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Frontline workers at Renaissance Toronto Downtown Hotel have been fighting for union representation for nearly six months. Last Thursday, a successful — albeit close — vote result sparked celebrations among workers and UniteHere Local 75 organizers.
Reflecting on the victory, four women from the hotel’s housekeeping department shared their stories with rabble.
Amparo Lambino has worked at the Renaissance Hotel for 27 years. Changes in staff, management and hotel ownership have impacted the frontline workers, especially the women in housekeeping, she says.
Since 2000, when current owners Larco Hospitality took over, housekeeping staff have steadily taken on more work, with no extra pay. “In the past, you were paid by the hour. Now, you must have to finish your 15 rooms [before going home]. We work 8am to 4.30pm, but people are working until 7pm, and no [overtime] pay,” Lambino says.
Problems with an ongoing shoulder injury also spurred her desire to unionize. “I have a tear and dislocation [on my right shoulder]. The WSIB [Workplace Safety and Insurance Board] told me it’s not related to the job, but, of course in 27 years, when you are doing housekeeping, you’re body becomes abused.”
Sharing her personal experience with co-workers helped increase understanding around why a union was needed. “I talked to my co-workers and told them: ‘In four years, I’m retiring. You are going to stay here. If we don’t have a union, they will keep pushing us… to do more and more rooms. I feel sorry for you because you have a family and you will get sick. It’s happened to me and I have to live with pain. Who is going to help you [because] the company doesn’t care.'”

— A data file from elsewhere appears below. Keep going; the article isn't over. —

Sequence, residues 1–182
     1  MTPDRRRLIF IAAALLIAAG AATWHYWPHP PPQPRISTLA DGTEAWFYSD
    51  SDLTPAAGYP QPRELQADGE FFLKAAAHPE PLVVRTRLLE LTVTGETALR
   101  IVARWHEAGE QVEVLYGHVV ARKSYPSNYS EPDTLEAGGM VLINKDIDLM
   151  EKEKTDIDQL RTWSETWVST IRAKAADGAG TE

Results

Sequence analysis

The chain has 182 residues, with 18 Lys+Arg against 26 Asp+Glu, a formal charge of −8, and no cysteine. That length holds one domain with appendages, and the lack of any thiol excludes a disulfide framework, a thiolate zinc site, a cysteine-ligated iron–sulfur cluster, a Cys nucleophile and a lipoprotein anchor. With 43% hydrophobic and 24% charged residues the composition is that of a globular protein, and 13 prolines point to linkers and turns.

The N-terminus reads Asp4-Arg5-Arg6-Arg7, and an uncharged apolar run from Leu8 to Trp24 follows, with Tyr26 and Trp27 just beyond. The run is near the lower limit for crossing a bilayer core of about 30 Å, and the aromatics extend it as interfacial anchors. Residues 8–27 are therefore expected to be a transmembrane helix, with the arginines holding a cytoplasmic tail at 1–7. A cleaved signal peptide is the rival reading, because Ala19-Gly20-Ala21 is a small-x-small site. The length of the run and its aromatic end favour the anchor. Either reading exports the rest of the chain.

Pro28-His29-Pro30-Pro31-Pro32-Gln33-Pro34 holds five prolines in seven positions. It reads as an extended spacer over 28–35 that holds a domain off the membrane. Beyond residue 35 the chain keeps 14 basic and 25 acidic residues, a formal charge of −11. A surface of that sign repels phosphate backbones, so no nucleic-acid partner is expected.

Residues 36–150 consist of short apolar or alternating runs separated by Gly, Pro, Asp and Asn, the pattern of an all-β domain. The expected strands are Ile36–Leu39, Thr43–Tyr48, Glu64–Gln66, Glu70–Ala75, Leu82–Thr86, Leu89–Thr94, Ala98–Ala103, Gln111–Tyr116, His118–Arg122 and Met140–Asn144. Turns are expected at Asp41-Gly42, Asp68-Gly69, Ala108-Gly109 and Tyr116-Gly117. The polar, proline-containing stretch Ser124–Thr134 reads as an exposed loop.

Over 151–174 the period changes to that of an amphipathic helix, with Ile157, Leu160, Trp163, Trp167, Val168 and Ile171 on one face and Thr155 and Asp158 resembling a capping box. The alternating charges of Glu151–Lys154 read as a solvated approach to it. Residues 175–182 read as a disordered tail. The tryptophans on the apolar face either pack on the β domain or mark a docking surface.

As a hardworking employee of the hotel for more than 15 years, Arlene — who declined to give her surname — struggled to understand why she was overlooked for a promotion two years ago. “[The executive housekeeper] trusted me with many important things in our department. I can check rooms, do dispatching, I can do special projects for the hotel — if there was a photo shoot, she always picked me. I participated in auditing when there…was a quality audit,” Arlene says.
When a role as a checker in the department came up, she and two other people applied — and the position was awarded to the least experienced of the candidates, Arlene says. “I believe it was an unfair hiring practice. If [someone] got the position because they were more senior than me, I can accept that. But the people below my seniority, below our seniority — it’s like a slap on the face,” she says.
The experience made Arlene a strong campaigner during the union drive. “Someone asked me if I wanted to meet someone so they can explain [what the union is] and what the benefits are you can get. I liked it and that’s why I joined it.”
Understanding exactly what was at stake helped those working to organize stay strong, especially when management employed tactics to discourage unionization, and other workers bullied those supportive of the campaign. “Some people work 10 hours, and some people don’t take their breaks. Some people eat inside the room — because you’re just a human being and you have to sustain your energy otherwise you’ll collapse. I can see a lot of people who are sacrificing too much of their time, which is not fair because they also have family to attend to.”
A union will give workers the opportunity to bargain for better conditions and protections, Arlene says.
Luz Flores’ family haven’t seen a lot of her in the past six months. Determined to win union representation, Flores — who has seen several other union drives fail in her 17 years at the Renaissance Hotel — devoted many of her evenings to the campaign. “Everyday, we had a meeting and talked about what to do next,” she says.